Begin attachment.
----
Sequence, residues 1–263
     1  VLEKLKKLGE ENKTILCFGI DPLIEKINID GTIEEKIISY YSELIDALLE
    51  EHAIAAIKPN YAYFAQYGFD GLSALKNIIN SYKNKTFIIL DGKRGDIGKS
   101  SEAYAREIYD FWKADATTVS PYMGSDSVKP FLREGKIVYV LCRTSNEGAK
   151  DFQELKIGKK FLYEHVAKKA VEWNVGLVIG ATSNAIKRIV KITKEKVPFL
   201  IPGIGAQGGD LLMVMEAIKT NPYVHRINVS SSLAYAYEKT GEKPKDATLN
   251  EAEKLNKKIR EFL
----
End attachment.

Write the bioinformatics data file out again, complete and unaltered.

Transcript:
Sequence, residues 1–263
     1  VLEKLKKLGE ENKTILCFGI DPLIEKINID GTIEEKIISY YSELIDALLE
    51  EHAIAAIKPN YAYFAQYGFD GLSALKNIIN SYKNKTFIIL DGKRGDIGKS
   101  SEAYAREIYD FWKADATTVS PYMGSDSVKP FLREGKIVYV LCRTSNEGAK
   151  DFQELKIGKK FLYEHVAKKA VEWNVGLVIG ATSNAIKRIV KITKEKVPFL
   201  IPGIGAQGGD LLMVMEAIKT NPYVHRINVS SSLAYAYEKT GEKPKDATLN
   251  EAEKLNKKIR EFL